According to a recent Gallup poll, 62% of consumers claimed that social media had no influence on their purchasing decision. However, in a separate report by Shoutly, over 90% of consumers said they would be more likely to buy a product if it had been recommended to them by someone they follow online.
Man, that’s confusing. In the words of double rainbow guy, “What does this mean?”
In my opinion, consumers aren’t exactly sure how social media is influencing their buying decisions, but they are looking for (and listening to) product recommendations from their online friends. In fact, do a quick search on Twitter for “have a recommendation,” and you’ll get tons of results:
The key here for marketers is not just monitoring the right keywords to be able to find and respond to these types of queries, but making sure you are using the right terms in your updates so users can find you.
As I wrote in a previous post, social and search need to be aligned. People are no longer just searching through traditional search engines, and it’s up to companies to ensure they can be found elsewhere.
Give your social team a list of keywords people are using to find your business. Offer them Webmaster Tools data, AdWords data, whatever you can to help them understand how people find your product or service. Your social media team must also be thinking about SEO.
Did you know that 122,500,453,020 emails are sent every hour? Every hour! How is that even possible?
Despite that, email is one of the most successful marketing tactics we have. According to Circle Research, 42% of businesses say email is one of their most effective lead generation channels, with 88% of B2B marketers citing email as THE most effective lead generation channel.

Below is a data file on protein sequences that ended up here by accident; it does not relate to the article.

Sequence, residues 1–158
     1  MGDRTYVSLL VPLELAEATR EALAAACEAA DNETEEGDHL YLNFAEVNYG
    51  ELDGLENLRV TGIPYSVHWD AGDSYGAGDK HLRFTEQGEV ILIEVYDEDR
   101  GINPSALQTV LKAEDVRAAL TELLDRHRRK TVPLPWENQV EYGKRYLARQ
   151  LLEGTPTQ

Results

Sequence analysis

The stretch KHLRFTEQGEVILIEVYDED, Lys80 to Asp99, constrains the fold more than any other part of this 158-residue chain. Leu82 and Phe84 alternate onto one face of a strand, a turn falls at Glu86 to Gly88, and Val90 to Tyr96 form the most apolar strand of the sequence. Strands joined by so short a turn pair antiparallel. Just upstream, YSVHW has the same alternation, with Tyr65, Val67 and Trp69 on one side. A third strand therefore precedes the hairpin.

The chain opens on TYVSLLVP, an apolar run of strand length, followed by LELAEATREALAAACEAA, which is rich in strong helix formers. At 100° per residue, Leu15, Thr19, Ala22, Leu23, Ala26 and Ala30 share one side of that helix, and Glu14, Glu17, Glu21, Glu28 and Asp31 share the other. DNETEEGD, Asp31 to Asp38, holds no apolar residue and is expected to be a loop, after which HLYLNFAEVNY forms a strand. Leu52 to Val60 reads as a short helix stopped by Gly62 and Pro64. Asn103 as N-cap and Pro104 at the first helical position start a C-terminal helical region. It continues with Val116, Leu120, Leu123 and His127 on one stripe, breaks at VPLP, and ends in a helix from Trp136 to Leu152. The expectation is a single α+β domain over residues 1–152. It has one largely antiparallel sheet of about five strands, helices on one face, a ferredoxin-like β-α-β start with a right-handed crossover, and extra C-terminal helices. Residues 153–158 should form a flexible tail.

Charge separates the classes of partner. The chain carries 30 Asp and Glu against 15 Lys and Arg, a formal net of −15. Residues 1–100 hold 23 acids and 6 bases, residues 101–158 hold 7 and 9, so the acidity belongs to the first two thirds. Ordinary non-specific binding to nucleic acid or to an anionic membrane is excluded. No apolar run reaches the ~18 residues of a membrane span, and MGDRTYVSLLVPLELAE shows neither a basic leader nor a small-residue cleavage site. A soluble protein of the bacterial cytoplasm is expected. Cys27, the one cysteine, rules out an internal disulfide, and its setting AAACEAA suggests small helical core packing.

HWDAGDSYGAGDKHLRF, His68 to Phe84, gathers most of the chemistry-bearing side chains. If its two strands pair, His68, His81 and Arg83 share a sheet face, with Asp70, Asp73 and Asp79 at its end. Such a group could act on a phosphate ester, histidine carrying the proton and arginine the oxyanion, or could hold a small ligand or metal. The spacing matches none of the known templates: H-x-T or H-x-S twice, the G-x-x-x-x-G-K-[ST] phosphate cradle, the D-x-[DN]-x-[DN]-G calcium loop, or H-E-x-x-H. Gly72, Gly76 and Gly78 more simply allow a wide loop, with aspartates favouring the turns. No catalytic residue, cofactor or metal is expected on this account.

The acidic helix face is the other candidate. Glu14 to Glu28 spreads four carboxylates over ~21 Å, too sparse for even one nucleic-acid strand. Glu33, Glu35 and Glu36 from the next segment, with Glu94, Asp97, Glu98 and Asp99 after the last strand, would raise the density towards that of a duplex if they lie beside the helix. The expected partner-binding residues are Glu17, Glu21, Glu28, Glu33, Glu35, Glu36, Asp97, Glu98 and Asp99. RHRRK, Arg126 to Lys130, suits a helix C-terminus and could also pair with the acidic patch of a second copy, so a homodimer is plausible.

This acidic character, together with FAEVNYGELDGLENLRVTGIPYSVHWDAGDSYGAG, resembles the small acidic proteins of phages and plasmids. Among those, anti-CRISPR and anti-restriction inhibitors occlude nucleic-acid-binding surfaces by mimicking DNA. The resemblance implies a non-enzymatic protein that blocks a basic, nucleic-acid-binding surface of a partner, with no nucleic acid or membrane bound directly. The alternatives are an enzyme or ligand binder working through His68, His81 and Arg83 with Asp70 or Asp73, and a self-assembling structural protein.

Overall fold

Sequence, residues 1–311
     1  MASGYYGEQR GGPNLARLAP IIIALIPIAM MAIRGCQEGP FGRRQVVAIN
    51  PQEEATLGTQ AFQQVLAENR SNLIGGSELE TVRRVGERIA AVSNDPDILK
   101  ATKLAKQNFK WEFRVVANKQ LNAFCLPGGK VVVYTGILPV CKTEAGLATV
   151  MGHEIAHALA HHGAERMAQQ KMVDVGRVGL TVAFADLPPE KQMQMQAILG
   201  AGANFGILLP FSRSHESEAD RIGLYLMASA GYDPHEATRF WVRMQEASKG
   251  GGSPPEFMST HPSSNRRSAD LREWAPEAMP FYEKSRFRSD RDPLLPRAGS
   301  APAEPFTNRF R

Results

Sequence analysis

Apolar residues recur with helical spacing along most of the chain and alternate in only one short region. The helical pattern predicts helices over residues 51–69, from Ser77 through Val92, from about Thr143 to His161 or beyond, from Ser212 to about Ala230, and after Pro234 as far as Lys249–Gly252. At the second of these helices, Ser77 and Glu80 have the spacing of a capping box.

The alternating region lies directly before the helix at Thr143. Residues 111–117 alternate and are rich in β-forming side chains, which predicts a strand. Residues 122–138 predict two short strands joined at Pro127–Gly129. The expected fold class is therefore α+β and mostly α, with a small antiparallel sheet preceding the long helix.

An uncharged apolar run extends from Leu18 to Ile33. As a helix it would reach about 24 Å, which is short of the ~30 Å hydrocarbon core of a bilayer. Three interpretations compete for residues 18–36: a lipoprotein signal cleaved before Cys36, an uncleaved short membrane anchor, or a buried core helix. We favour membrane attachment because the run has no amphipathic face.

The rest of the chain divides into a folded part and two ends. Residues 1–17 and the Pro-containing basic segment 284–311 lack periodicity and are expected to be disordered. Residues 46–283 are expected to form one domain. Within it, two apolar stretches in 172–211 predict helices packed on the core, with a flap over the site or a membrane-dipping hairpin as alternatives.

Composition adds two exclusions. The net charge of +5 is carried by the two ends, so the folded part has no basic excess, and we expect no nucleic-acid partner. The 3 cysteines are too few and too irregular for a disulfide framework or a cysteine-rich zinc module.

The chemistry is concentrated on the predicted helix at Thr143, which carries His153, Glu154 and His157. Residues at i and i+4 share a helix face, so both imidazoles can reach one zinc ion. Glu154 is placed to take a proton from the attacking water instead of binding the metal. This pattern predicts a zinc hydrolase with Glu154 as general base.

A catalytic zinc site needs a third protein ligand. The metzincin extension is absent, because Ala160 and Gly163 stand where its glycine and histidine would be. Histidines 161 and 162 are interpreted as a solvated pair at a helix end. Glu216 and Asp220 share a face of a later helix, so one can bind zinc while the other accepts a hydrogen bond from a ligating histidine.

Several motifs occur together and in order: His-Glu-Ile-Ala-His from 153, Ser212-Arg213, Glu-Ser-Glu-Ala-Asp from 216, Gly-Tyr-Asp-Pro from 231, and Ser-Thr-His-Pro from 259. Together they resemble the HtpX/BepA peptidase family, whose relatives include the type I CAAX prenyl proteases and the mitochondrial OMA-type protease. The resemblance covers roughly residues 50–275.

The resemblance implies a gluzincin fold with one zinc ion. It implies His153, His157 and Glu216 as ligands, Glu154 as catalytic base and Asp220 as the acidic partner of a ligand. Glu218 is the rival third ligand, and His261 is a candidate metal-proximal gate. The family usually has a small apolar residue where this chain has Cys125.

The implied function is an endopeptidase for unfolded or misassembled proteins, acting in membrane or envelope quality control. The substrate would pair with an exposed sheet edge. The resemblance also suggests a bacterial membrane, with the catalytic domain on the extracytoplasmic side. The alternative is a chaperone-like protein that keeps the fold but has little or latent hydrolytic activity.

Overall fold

Where does SEO come into play here? Meet structured markup…
Gmail Promotions Tab Visual Enhancement
When the Promotions Tab hit Gmail, many marketers were worried. Would email open rates go down? Would click-through rates go down? Would people even read their emails? While the data are still rolling in, one thing is for certain: there are some exciting opportunities.
Back in March, Google rolled out their Promotions tab visual enhancements, giving email marketers the opportunity to create Pinterest like messages using structured markup.
Marketing consultant Justin Briggs also talked about utilizing structured data in email during his SMX East presentation, where he noted the integration with Google Now.
For email marketers, utilizing the structured markup tactics SEOs are currently using could help drive open rates, click through rates, and improve overall campaigns.
If you are an email marketer or an SEO/email marketer, I highly recommend checking out this post from Litmus, which provides a great overview of the Promotions tab and offers instructions on how to generate these messages.
Break Down The Silos
We’ve all seen the posts on the importance of breaking down marketing silos so I’m not going to repeat that here.
What I will say is this… SEO should be something that is thought about in all departments. From web development to offline advertising to paid search, email marketing, and more… we all need to be aware of how our audience looks for our products and services.
While we may not be able to break down the walls and integrate SEO into every department, I advise you as SEOs to take it upon yourself to deliver opportunities to your teams when you can. One small win can go a long way in getting everyone on board.
Opinions expressed in this article are those of the guest author and not necessarily Search Engine Land. Staff authors are listed here.